“I’m sorry. Please forgive me. I love you. Thank you.” - Ihaleakala Hew Len, Zero Limits
I woke early, thinking of gentleness. I woke early, thinking of our overwhelming life, of to-do lists that seem to grow ever longer, of urgencies and deadlines, of pressures and worries. I woke early, obsessing over taxes and money and marketing and laundry and computer backups, over Sally’s needs and my flaky™ desires, of big rocks and sand and water filling the jar, and how I cannot seem to take my big rocks seriously. I woke early and made the fire and started the coffee, thinking of overwhelm and gentleness. And outside, as if the whole of the Universe could mirror my soul, the western sky grew ever darker. Soon enough the rain began, warmer than it has been, with little wind. Soft and pattering, a gentle rain. A dark day. A day to stay inside and ponder and clean and reorganize, to listen to great music while I sort through the piles on my desk, and the taller stacks in my heart and mind.
We have to be gentle in these times, I thought, Sally and me. We have to be gentle with ourselves. We have to be gentle with each other. And we have to be gentle with the world. There’s so much urgency in this realm, it seems. So much pain. So much Doom™. So much wounding. So many reactions. So many sharp edges, sharp stories, sharp assumptions, sharp expectations. And our path seems to follow the cliff’s edge, keeping us always at the edge, always near the precipice, always doing things we don’t know how to do, rounding corners around which we cannot see, stepping out onto ledges we cannot know are solid and safe. We have to be gentle.
And perhaps that’s a word to describe what that baby was getting that I did not get. I was raised in a grow up/get tough/learn to cope world, and we could never just sit down in the gentle rain and acknowledge how difficult and scary things could be, and how vulnerable we felt, and how far away our dreams seemed to be in this sharp, waking, rocky world. There was love, but it was almost always the tough kind. Or that’s how it felt to me. I needed more gentleness. More openness. More room for “I’m sad” and “I don’t know” and “I’m afraid.” More time for us, as a family, as a culture, to stop and sort through the piles of our collective life and get clear who we were and what we were here for and what we most deeply wanted and needed.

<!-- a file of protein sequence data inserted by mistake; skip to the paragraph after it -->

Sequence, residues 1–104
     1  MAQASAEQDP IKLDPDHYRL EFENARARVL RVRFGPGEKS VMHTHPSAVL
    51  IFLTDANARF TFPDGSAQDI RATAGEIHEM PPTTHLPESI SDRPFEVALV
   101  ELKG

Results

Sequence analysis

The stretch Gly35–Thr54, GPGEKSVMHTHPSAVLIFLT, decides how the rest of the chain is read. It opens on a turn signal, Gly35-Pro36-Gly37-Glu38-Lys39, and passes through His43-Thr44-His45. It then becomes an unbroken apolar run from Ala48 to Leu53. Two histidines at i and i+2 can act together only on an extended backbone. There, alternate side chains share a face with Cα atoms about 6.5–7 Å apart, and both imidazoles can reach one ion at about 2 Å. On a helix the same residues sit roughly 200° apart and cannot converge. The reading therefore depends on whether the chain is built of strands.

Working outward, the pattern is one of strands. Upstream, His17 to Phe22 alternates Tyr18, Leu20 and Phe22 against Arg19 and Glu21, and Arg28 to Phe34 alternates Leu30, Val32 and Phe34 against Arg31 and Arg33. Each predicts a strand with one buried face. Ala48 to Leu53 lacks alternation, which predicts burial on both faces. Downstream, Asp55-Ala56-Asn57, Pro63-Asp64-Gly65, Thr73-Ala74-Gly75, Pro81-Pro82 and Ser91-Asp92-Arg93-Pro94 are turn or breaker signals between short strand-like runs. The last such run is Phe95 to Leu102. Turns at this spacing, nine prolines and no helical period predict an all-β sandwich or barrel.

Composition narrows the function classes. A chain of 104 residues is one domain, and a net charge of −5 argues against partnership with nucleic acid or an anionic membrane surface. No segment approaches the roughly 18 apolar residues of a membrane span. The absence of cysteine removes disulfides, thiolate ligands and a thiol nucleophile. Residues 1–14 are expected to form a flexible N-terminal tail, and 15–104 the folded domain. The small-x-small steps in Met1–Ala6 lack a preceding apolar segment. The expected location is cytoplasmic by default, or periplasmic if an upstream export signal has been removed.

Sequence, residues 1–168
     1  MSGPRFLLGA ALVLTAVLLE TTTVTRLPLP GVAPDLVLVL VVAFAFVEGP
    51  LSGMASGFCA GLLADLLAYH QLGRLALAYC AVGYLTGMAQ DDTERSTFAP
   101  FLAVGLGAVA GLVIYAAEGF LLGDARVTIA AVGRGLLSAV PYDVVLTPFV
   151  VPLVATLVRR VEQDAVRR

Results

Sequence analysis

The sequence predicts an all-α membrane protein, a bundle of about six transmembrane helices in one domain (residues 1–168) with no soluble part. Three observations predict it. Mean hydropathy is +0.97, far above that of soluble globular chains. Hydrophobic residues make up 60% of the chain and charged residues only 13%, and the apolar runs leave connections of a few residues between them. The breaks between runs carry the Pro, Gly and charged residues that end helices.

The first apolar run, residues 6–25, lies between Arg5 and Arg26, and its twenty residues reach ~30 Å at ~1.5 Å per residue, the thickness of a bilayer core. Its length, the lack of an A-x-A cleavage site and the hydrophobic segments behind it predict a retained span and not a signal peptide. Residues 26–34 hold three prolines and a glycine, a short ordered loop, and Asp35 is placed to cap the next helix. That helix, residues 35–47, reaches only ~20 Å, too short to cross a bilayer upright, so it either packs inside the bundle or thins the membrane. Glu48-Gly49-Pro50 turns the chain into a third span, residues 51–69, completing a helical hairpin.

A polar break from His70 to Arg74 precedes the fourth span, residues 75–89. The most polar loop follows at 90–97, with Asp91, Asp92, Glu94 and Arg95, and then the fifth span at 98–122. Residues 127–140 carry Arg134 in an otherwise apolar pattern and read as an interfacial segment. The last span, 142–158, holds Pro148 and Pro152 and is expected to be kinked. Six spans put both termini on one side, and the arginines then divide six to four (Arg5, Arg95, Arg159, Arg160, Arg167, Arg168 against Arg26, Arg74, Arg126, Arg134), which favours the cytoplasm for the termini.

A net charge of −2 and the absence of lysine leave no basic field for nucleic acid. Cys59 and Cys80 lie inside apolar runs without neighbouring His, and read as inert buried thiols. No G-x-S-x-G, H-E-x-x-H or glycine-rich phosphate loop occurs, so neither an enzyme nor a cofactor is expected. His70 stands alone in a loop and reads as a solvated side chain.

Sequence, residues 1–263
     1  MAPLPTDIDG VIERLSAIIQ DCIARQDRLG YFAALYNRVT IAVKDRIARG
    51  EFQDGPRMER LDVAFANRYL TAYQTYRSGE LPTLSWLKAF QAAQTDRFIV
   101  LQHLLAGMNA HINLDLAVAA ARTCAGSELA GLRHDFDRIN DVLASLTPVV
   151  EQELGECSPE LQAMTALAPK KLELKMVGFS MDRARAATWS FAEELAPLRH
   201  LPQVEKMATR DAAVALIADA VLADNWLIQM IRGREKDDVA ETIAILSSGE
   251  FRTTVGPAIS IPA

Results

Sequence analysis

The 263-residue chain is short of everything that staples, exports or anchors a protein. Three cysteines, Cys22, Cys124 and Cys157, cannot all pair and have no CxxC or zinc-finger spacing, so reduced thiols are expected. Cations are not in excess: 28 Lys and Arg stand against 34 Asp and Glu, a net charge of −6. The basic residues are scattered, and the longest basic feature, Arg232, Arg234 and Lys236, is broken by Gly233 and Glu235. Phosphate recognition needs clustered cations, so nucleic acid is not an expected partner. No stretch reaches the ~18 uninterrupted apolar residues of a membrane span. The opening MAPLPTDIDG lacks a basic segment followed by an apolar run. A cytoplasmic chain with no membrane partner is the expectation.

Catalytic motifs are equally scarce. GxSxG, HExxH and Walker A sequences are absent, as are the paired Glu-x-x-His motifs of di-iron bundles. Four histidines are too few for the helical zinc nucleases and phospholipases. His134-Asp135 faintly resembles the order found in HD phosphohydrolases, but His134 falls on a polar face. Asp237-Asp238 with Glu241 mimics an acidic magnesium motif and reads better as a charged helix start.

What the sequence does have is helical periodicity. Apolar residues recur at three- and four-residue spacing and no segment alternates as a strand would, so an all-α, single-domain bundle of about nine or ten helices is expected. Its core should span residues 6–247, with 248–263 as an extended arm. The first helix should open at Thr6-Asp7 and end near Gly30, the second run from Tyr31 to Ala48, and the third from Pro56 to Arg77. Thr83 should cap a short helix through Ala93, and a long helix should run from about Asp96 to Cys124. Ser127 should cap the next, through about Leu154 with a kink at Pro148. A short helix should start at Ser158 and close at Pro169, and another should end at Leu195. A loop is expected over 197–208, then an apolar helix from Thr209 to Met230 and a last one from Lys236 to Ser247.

And so I wake up with worry and fear and pressure, and have to council myself toward gentleness.
I don’t think I’ll write much more than that today. I’ve had so many ideas, so many fascinations, in the weeks since I last wrote, during which we travelled far and wide, and talked of many things. I’ve had so many thoughts to share with you. But this morning, as the rain falls gently on my window, all those things feel sharp and edgy and cold, and I do not wish to handle them.
I will note two things before I end:
-It amazes me, the sensations that arise in my body when I speak of gentleness. It’s “man stuff,” mostly. an inward clench of embarrassment, to be so Weak™, so Vulnerable™, so Needy™, so Soft™. There are so many old wires inside of me, convinced that it is not okay to speak of gentleness. So many wires…
-But the big secret is this: that gruff, curmudgeonly recluse I sometimes profess to be – that’s not the whole of me at all, I think. And of course that’s likely only a secret in my own head.
The gentle rain continues to fall. Part of me loves it, the permission it gives me, to stay inside where it’s warm and slowly face the reality of my life and my work. But part of me is afraid of it. I think, should I step out into it, bare of foot and head, and let the mud caress my toes and the drops spatter my hair and face, I would become part of that rain myself, and fall to the ground as drops of water, forming a small, embracing puddle of exhaustion, gratitude, and grief. There are many days when I long to simply merge back into the Cosmos and leave this fractured human ego behind. I’m so tired of sharp edges. I’m so tired of urgency. I’m so tired of Doom™.
But I am still here. Obviously, my work is not yet finished. So I’ll drip and puddle for a while and then get back to it, stepping around more blind corners and teetering on another unstable rock. The path holds joy and surprise along the way, and there is help to be found.